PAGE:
A few weeks ago, I laid in bed until 5 p.m. I had no desire to get up and no energy to go throughout my day.
My battle with depression has been a strange one. One day, I’m fine and ready to throw a party, run six miles, and write a book, and others, I lay in bed and sleep the entire day away.
But I had to celebrate the small victory when I did actually get up. I texted my friend Leslie and told her I’d been in bed all day and felt awful, so she called me. I didn’t want to answer, but she’s the kind of friend you don’t ignore. She’s the kind of friend you need.
I answered and heard, “Do you want to talk about it?”
No. I sure do not want to talk about it or anything else. I want to go back to sleep.
But I talked about it and cried and she seemed to hold me through the phone.
I managed to get dressed and go for a 30-minute walk because I knew exercise and fresh air would help. (I have not been exercising regularly at all and I KNOW that’s a reason I have felt so mentally horrible.)
I felt better after my walk and headed to a friend’s birthday dinner. The whole way there, I thought about how I should have just stayed in bed. The enemy told me no one would care if I didn’t show up and I’d be better off to stay in bed for another 12 hours. But I went anyway.
That’s the key. Go anyway. Call anyway. Show up anyway.
My pastor, Chris Hodges, talked about depression today. He was open and raw and real, and it was so refreshing.
He said, “It is not a sin to be sick.”
He was so sensitive to the fact that mental illness IS illness. Just like you get a cold or break your arm, your brain can get sick too.
A few months ago, my husband and I were on a mission trip. We had met some incredible people and were really having the time of our lives. On the way back to our hotel from a serve project, two of my new friends were sitting on the bus row behind us talking about depression.
One of them said, “It was a horrible feeling. I felt like I saw everything in gray.”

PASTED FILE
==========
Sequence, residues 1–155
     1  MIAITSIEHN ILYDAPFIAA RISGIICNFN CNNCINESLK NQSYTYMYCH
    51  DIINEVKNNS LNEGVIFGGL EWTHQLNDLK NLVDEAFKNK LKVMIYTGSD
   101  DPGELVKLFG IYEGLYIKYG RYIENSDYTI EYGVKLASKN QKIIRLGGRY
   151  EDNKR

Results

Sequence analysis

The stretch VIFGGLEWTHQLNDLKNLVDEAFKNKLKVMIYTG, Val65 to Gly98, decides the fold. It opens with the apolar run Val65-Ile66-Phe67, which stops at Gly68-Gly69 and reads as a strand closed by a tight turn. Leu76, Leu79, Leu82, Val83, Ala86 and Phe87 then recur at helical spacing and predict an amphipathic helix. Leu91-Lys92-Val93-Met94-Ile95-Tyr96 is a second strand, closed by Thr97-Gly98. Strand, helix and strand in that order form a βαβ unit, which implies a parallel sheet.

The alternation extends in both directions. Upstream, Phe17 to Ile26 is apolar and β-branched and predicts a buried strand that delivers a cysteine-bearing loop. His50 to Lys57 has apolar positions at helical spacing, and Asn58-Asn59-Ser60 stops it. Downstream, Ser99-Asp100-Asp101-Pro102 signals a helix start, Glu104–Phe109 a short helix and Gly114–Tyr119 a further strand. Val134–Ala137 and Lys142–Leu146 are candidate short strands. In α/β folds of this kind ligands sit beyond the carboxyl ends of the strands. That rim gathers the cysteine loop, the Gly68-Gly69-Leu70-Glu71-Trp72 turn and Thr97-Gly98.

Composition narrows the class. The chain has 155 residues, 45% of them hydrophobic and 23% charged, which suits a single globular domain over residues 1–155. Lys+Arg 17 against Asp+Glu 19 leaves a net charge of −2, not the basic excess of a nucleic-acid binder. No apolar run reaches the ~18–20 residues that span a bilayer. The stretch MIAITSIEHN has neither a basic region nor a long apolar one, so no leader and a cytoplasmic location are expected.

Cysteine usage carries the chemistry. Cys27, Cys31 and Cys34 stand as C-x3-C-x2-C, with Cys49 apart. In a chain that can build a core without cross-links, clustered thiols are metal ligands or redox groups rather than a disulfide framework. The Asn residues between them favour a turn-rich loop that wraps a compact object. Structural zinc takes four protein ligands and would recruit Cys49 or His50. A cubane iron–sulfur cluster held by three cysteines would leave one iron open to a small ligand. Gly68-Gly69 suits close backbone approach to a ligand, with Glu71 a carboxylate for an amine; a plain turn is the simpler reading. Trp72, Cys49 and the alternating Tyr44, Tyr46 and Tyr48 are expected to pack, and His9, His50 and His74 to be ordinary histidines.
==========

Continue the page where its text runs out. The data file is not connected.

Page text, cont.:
I never said a word. I just looked out the window with tears slow trickling down my face.
My husband leaned over and whispered, “Is that how you feel?”
Without losing eye contact with the city outside the window, I nodded once.
I wanted to turn around and tell them, “That’s how I feel right now. I see gray all the time,” but I just couldn’t.
I told one of them a few days ago about the exchange. We talked over text, but I know she was crying for me and for her and for anyone who has ever felt so colorless.
I love color. I love to see in color and live in color, and to have that robbed from me has been so cruel – but we have a cruel enemy, guys. And we have to fight back, but we cannot do it alone.
The key takeaway from my pastor’s message was to stand together. “A person standing alone can be attacked and defeated, but two can stand back-to-back and conquer.” Ecclesiastes 4:12
We can’t get through this life alone.Isolation is one of satan's favorite tactics, but God put community in place to battle loneliness. Click To Tweet
Loneliness is not from God and He hates when you feel alone in your struggles.
I know it’s not that easy. I know it’s so much easier to stay in bed, at home, where you feel safe. And if you can’t muster up the energy to step outside, send a text or make a call. Just let one person in. That one person might just add a few drops of color back to your life.
My friend Mary Alan loves to send me songs. We were together a few weeks ago and she played me a song that made her think of me.
“Rainbow” by Kasey Musgraves – go give it a listen if you haven’t heard it.